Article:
A Resounding Silence

A neutered nation has once again shown that it remains yet capable of defiance even if it be in the form of passive resistance. The silent verdict of the Kashmiri masses is quite unambiguous. If democracy were really what it is purported to be it would be accepted that the Kashmiri people have given their mandate against India, the majority of them having clearly rejected its version of democracy by not casting their vote. This decision clearly implies that none of the choices proffered have been acceptable to them. The people of Kashmir have not bothered even to use the NOTA option as suggested by some ‘leaders’ and ‘intellectuals’ thereby not only rejecting the choices offered but the offer of choice itself and by doing so they have effectively trashed India’s claim of the Kashmir issue being something that concerns only a misguided minority amongst them.

            The rejection of the electoral process by nearly 75 per cent of the electorate, the clear cut majority that is, is a referendum in itself. There have been poll boycotts previously also but what makes the boycott this time around much more significant is that by no means can it be claimed that the boycott has been due to any sort of coercion. The rebel guns have fallen silent long back. The situation in Kashmir is completely under control so far as the authorities are concerned and those who flaunt their allegiance to the mainstream parties do not have to do so in any concealed manner. There indeed was a time when any show of allegiance to the mainstream would be unthinkable because of the threat perception but that period has long since past. Supporters and lackeys of various mainstream parties nowadays are full of belligerence if anything. It would indeed be a vile calumny to claim that there is any sort of threat perception by the common man in these times which would stop him from voting. Of course there were calls for boycott from the various separatist leaders and parties but almost all of them having long back had the bite taken out of them, the calls were more in the nature of an appeal without even an iota of any sort of threat perception attributable to them. And yet the people of Kashmir rejected the charade of elections in a manner that was almost spontaneous and to the extent that must have probably come as a surprise to even those who gave the calls.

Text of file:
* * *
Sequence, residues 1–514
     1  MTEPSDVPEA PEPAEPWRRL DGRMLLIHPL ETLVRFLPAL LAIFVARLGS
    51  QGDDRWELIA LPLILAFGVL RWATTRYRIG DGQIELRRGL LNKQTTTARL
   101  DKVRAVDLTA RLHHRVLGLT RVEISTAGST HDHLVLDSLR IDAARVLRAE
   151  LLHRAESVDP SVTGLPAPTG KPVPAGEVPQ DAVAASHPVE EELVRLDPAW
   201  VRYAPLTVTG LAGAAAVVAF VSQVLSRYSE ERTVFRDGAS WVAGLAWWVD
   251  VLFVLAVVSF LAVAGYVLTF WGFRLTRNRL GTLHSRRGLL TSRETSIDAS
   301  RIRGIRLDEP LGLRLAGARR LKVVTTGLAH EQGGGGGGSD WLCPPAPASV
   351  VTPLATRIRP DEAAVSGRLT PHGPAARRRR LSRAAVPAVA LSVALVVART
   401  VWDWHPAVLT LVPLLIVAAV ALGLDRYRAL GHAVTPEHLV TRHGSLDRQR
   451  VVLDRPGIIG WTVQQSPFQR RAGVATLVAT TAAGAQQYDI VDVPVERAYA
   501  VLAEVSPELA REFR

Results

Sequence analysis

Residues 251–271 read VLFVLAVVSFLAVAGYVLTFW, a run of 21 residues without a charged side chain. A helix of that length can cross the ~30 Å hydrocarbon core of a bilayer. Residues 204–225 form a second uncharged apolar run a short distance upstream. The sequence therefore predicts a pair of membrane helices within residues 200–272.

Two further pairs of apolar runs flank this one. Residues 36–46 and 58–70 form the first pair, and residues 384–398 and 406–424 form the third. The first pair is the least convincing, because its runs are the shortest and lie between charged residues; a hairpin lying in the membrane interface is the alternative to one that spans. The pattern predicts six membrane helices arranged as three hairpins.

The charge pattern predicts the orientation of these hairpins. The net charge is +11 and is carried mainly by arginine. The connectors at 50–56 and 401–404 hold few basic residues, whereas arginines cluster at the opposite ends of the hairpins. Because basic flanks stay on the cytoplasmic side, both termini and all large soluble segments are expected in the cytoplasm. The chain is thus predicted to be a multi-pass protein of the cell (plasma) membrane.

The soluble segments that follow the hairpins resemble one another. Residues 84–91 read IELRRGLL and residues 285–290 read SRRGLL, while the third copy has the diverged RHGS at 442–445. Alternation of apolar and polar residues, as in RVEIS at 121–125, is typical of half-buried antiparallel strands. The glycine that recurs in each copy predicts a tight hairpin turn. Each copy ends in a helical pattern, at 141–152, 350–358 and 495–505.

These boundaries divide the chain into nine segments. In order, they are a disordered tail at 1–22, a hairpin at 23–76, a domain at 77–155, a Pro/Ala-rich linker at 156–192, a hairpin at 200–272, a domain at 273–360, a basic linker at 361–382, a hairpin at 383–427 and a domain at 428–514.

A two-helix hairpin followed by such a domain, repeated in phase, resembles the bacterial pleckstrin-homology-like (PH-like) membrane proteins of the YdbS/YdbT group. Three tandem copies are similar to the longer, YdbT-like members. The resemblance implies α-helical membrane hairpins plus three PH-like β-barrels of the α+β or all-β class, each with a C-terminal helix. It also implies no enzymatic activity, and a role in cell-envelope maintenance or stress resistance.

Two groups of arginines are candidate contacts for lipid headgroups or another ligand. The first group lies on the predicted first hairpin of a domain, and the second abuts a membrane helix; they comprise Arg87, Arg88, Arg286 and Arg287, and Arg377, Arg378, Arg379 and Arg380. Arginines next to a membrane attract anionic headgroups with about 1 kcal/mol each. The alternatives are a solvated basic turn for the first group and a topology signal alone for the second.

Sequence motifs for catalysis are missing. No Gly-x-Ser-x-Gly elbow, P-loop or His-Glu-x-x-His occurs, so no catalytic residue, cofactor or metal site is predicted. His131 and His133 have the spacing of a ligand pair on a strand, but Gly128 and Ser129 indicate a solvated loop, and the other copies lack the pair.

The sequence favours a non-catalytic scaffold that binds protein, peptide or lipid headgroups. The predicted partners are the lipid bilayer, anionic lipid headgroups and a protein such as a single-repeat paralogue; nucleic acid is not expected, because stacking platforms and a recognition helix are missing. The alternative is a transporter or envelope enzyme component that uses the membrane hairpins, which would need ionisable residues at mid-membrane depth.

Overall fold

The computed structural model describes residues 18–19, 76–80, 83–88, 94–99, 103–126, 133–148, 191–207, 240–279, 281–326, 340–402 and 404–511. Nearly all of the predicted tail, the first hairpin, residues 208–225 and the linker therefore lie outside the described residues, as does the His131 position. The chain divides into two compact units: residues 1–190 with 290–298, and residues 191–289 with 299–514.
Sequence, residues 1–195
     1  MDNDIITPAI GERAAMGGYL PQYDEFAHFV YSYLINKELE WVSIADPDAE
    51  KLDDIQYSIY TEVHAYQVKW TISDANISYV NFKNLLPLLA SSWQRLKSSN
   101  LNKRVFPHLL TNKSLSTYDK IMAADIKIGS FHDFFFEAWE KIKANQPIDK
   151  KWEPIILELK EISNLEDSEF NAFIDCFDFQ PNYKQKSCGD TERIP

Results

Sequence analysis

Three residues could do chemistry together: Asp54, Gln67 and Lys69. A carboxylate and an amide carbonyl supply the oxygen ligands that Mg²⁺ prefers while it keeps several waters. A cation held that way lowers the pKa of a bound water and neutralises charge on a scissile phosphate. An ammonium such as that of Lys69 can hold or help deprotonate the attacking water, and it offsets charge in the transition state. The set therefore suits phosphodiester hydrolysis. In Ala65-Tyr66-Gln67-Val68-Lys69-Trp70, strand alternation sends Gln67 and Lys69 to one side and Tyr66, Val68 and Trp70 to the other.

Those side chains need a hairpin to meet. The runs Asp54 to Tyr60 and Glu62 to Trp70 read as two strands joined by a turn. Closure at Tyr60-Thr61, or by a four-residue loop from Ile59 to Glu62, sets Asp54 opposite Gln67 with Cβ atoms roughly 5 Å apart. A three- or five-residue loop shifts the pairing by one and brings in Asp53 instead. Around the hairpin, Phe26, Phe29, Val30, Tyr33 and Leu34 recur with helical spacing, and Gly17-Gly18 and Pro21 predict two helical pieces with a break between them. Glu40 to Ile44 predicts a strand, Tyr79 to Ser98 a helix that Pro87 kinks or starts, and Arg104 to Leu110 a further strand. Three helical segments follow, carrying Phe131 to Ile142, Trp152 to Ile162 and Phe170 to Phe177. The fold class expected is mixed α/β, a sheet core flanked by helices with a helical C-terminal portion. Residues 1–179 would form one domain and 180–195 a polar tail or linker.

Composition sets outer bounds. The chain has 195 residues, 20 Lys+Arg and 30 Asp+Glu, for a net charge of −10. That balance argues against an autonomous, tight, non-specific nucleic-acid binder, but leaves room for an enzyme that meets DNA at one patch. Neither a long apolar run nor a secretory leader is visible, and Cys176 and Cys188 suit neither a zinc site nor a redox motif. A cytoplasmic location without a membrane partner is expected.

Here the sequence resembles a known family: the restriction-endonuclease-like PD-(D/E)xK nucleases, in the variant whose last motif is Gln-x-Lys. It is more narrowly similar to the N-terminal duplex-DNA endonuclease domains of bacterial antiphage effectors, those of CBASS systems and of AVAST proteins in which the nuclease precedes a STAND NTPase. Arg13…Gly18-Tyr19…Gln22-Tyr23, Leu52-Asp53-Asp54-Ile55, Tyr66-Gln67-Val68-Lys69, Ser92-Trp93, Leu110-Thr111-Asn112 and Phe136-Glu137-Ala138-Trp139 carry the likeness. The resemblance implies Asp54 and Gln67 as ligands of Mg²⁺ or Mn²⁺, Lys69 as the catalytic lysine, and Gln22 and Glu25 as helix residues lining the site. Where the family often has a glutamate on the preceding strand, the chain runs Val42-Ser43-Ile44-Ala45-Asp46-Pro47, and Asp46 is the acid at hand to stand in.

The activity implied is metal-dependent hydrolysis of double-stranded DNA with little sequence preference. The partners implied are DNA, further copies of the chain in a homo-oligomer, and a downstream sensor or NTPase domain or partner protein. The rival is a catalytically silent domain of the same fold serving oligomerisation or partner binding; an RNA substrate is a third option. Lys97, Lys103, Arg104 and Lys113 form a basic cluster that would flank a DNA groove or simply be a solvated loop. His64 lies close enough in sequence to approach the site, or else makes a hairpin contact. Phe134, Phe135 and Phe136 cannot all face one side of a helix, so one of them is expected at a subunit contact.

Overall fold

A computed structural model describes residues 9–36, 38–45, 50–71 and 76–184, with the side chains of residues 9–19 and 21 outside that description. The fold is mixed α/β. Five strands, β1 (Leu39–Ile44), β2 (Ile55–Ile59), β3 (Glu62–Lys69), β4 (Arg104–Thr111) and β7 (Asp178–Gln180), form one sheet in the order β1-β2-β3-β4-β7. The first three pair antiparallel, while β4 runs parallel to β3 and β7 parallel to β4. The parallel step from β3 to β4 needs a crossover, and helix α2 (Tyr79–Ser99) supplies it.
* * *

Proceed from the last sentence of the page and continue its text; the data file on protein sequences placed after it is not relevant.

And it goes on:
Of course the elections were carried out ‘successfully’ as the authorities would say but what, one might ask, is the measure of success of an election? Theoretically, even if a single vote is cast and that too by the candidate himself, provided that he is fighting from a constituency where he himself happens to be one of the voters, by all definitions this single vote cast would mean that the elections were successfully conducted and a candidate elected as well! So no matter how low the voter turnout, elections will be ‘successful’ and someone or the other will manage to get ‘elected’. The question however remains as to how representative of the people this ‘successful’ election or for that matter the ‘successful’ candidate would be! And conversely how democratic would rejecting the rejection by the majority be? These are questions that analysts and intellectuals of India really need to ponder.

            The ‘chosen’ representatives, whatever party they may belong to, can by no means claim to be the representatives of the people after having been rejected summarily by a majority and that too with a pretty wide margin. And yes this argument does not even touch the issue of fairness of the conducted election or challenge official statistics, even though both these issues are debatable, considering past precedence.  What makes this rejection even more remarkable is the fact that it has come  even when the morale of the masses is at the lowest of lows with their leadership having long been either rendered impotent or neutralized and even in at least some cases ‘turned.’ Even the fact that people are largely disillusioned with the separatist leadership which is bogged down in petty squabbles as also the support from across has mostly dried up has not been able to sway the masses in the direction of polling booths. The few that have cast their vote have done it more out of gullibility rather than any sort of conviction, voting not for peace or any sort of ideology but for the hope that exercising their vote might get them jobs as countless of these voters have been expressing to the media. This makes even the claimed percentage an inveigled percentage at best. Thus while there was no coercion in the rejection of the electoral process the coercion was definitely there in making those who participated in the polling to do so. For coercion does not necessarily have to involve a threat, it can take more subtle forms like that of enticement for which even a mere promise is usually sufficient.